Whispered By Horses with Guest Sarah Robinson
Sarah Robinson calls herself the Maverick Mom. Here is what she says on her blog http://www.themaverickmom.com:
What I know now is that this small blog has a very BIG JOB to do – actually two big jobs: 1) serve as witness my own “escape” from the world of mediocrity – both personally and professionally and 2) inspire others to do the same – if they feel that pull.
Sarah was anything BUT mediocre on this week’s radio show. I highly recommend that you take fifteen minutes to listen to her interview.
If you don’t have time now, download this fifteen minute show, put it on your iPod, and listen to it on the way to the grocery store. It will brighten your day and lighten your step.
With Sarah’s permission, I am re-posting her blog, "Failing Sucks". She says that she has had more comments on this post than any other:
August 12th, 2009
We’ve all heard it from the guru’s right? “Take big risks!” “Fail early. Fail often.” “When you fail, pick yourself up, dust yourself off and keep going.”
And for the most part, I agree with these sentiments. The only problem is, no one ever talks about how much failing SUCKS and what to do about it so you CAN pick yourself up and dust yourself off.
Here’s the thing: as entrepreneurs we pour our hearts and souls into what we do. Of course we are risk takers – how could we work for ourselves if we weren’t? So when we take a big risk – everything in us is on the line. Which works out great if the risk pays off.
But what about when it doesn’t pay off?
I recently lived through this experience and I am here to tell you it can be gut-wrenching and heartbreaking. I wanted something very very badly. I thought I had my bases covered. I put all my chips on the table – my smarts, my heart and my soul – and I hoped for the best.
But it didn’t work out. Not only did it not work out, it blew up spectacularly in my face. And it felt horrible.
Prevailing advice is that I should have been able to shake it off, get up and keep on trekking. And I’ve been able to do after many failures – trust me. But this time I just couldn’t. My heart was too heavy and my spirit was busted. But I also knew I had to choose between moving forward somehow and throwing in the towel.
Walking The Grid
I can’t remember where I first heard it, but when I find myself in situations where I really don’t know what to do next, where I feel like I am grappling in the dark, where my heart just isn’t in taking one more step, the phrase “just walk the grid” always comes to mind
I have a feeling that I’m not the only person out there who struggles to find a foothold after failing and I’m hoping this idea might offer some help.
The whole premise of walking the grid is based on two things: 1) some structured routine and 2) keeping things very very simple. Each person’s grid will look different, but here are some pieces of mine to give you some ideas:
I walk – every single morning. Whether I feel like it or not. In fact, the less I feel like it, the more insistent I am about going. 30 minutes minimum – longer if I can.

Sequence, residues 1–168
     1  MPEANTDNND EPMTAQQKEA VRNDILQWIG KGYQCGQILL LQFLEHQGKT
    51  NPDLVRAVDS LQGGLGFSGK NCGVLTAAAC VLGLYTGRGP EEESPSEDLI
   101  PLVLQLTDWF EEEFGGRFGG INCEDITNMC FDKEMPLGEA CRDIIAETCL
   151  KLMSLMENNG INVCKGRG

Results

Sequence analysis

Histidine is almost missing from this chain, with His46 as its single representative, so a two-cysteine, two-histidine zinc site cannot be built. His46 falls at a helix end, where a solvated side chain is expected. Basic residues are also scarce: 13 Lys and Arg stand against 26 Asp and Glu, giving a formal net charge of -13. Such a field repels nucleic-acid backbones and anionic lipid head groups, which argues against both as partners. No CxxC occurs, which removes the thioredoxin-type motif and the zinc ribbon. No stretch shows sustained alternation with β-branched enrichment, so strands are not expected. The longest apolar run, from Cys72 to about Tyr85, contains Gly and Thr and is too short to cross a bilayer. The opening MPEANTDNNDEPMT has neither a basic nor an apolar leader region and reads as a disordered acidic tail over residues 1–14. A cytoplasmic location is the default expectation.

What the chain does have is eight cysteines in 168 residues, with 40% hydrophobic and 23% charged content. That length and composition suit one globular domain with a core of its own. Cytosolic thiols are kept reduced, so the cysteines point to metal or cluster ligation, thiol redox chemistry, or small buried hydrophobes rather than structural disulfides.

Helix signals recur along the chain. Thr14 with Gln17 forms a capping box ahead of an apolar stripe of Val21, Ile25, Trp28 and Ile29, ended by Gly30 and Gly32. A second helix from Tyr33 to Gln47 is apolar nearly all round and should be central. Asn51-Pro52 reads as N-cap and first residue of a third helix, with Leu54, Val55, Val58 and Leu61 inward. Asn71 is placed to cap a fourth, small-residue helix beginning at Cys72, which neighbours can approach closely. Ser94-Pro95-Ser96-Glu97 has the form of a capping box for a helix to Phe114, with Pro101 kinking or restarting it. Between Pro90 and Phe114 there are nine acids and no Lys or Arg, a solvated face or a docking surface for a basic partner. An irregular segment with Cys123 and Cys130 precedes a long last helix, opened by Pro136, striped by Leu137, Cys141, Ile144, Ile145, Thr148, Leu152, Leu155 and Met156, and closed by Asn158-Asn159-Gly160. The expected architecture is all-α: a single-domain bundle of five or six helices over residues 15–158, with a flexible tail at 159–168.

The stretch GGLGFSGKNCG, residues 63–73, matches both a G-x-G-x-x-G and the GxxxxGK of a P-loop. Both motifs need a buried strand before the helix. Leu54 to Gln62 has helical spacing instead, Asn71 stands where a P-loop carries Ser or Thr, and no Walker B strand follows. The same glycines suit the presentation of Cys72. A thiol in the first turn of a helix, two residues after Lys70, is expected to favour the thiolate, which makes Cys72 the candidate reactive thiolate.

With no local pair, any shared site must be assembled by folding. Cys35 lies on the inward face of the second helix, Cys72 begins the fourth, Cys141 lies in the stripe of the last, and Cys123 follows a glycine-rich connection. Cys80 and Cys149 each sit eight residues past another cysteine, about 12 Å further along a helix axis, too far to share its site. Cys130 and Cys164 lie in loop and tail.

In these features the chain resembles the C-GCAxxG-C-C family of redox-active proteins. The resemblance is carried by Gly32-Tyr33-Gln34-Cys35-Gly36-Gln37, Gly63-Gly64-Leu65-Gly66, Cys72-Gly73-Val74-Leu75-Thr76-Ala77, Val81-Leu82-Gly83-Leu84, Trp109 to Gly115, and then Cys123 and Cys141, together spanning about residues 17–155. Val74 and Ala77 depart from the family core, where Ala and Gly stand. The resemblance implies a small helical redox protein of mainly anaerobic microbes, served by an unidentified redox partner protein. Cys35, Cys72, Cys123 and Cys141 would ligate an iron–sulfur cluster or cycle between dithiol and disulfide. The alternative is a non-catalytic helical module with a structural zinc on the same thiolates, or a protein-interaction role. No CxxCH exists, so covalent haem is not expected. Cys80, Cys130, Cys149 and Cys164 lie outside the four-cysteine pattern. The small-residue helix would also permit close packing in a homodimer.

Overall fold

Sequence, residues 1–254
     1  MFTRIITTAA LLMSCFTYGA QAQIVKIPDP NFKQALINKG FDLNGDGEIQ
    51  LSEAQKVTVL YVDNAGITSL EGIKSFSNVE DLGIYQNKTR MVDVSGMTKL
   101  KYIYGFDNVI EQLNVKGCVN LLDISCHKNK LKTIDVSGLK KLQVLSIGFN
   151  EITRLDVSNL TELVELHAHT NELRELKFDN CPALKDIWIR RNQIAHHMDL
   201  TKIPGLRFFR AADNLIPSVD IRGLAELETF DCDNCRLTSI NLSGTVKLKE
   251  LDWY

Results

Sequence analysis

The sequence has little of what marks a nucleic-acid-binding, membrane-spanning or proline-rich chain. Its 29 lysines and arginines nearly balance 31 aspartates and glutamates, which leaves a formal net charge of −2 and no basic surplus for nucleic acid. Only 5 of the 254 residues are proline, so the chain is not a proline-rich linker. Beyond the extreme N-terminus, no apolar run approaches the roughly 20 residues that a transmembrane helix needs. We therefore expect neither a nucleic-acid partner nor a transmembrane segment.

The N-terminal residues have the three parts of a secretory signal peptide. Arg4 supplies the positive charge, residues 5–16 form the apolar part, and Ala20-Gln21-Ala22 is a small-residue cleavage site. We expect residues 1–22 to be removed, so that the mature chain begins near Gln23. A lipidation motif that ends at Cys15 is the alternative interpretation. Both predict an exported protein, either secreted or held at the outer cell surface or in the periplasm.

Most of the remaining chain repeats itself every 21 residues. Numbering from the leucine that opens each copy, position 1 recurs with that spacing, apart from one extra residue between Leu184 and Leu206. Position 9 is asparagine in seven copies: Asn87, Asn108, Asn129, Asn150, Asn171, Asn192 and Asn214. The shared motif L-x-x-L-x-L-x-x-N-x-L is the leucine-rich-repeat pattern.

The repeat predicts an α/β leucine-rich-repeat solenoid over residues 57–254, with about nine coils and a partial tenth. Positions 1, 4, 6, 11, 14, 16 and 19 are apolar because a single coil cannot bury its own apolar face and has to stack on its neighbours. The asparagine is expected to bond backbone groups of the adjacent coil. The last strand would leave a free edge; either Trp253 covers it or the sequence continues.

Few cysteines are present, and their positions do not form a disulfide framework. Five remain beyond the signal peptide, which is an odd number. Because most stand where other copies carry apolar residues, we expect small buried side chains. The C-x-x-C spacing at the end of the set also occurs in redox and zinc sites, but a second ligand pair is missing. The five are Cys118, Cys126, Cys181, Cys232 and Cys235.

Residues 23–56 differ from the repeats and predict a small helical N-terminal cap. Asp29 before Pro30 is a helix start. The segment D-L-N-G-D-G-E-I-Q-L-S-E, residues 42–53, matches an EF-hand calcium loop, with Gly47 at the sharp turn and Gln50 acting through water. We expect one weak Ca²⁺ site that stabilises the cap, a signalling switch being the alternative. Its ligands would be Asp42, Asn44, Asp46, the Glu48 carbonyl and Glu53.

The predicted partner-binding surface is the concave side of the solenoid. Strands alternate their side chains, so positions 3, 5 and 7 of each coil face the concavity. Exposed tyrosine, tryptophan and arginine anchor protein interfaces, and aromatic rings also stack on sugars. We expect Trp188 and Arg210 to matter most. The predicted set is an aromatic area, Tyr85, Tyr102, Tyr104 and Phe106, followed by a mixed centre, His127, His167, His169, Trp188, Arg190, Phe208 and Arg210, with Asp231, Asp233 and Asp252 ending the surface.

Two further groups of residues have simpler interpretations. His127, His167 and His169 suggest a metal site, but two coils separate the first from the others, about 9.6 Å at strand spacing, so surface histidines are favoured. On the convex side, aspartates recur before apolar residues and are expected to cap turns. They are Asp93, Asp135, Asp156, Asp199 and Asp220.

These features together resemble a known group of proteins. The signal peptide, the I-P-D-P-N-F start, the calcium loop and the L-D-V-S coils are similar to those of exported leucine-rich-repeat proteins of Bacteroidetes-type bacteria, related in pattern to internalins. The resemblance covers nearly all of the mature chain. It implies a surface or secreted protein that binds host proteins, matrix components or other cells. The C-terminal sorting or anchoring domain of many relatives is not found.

I check in with a trusted friend or colleague every day. Not the same friend or colleague every day because I want to keep as many of those as I can. Sometimes I talk about what’s going on with me; sometimes I can bring myself to actually inquire about them (when I’m walking the grid, I can be kinda self-centered).
I reduce my commitments as best I can. Getting back to full speed takes time and energy and I want to give myself as much of that as I can.
I write first thing every morning. Dumping out what’s bothering me onto paper helps keep it from eating away at me all day. (And a side benefit is I usually get a really great NEW idea while I’m writing – eventually.)
I try to eat well and not survive on coffee alone.
I give priority to working on the projects that make me feel really good, really smart and really talented. Same goes for people I talk to.
I read books by authors who make me feel better. My favorites when I am walking the grid are Julia Cameron, Martha Beck and Anne Lamott.
I nap a lot. (Ok – I nap a lot anytime I can. Walking the grid just gives me a really good reason.)
I cry. Yes it’s true. If the experience is heart-wrenching enough, I’ll probably cry more than once. And don’t say it’s just because I’m a girl.
I take small actions. As soon as I can I take small baby steps toward something that feels like it might be right. Baby steps feel simple and doable. As they accumulate, though, I find myself creating forward momentum once again.
Sometimes I can zip through walking the grid in a couple of days and I’m good to go. Other times, it may take me weeks or even a few months of walking the grid to feel like I am on solid ground.
Failing isn’t permanent and the fact that I failed to get something I really wanted doesn’t mean that I am a failure. But taking the time to acknowledge that the experience was painful is a gift of respect I can give myself.
What are some simple, structured ideas you would add to The Grid?